What is Life Cycle Assessment?
Life-Cycle Assessment (LCA) is a process which assesses the environmental impact of a product or service over its entire life cycle, from resource extraction and processing to manufacturing, warehousing, distribution, use and disposal (or re-use/recycling). It is also known as ‘Cradle-to-Grave’ Analysis or ‘Ecobalance’.
What is a LCA good for?
Because it looks at the entire life cycle, a LCA can answer questions such as: “is it better for the environment if I buy a new car which has a cleaner burning engine or is it better to keep using my old car because the impact on the environment from the manufacture of the new car outweighs the lower emissions during its use phase”
Can LCAs be used to compare products or services?
A direct comparison can only be made, if the approach and assumptions during the preparation of the LCAs were the same. When that’s the case, they are particularly useful for comparing products or services. For example, it is possible to answer questions such as “Is an electric vehicle better for the environment than a hybrid or a conventional car or does the environmental impact of the battery outweigh the benefits?” Even if they cannot be compared directly, LCAs still offer a lot of useful information about different products.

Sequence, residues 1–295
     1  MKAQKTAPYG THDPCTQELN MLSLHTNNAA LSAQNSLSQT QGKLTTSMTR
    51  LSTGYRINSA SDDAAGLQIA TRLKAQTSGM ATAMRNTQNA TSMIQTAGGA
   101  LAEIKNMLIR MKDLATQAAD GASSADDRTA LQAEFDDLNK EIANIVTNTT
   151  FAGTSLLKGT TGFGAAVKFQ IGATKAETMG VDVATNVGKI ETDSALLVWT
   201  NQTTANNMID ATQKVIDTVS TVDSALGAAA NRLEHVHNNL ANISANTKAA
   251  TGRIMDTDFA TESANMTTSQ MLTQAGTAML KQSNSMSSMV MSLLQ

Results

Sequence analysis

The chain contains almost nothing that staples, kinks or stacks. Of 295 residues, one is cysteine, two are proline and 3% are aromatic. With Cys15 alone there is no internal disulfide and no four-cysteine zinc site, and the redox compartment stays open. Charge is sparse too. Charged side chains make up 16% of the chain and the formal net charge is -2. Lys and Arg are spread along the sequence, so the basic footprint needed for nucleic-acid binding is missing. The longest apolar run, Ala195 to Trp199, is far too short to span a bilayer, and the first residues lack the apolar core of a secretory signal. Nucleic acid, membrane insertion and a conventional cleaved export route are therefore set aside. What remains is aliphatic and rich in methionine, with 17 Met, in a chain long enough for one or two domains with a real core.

Who needs LCAs?
You need them if you really want to understand the true impact of different products or services. And vendors of a product or service need them to understand where the greatest impact on the environment is so that they can target these areas. Also, manufacturers need then if they want to create an EPD for a product or service.
I don’t like reading long, technical documents…
You’re no alone! And that’s where envormation comes in: we help you by…:
- summarising the key results of LCAs
- suggesting simple steps you can take to reduce your impact on the environment, based on the outcome of the LCAs
- provide you with links to the full LCAs in case you’ve changed your mind and you want to read all the technical detail after all
More on LCAs for example at wikipedia.Share this page using: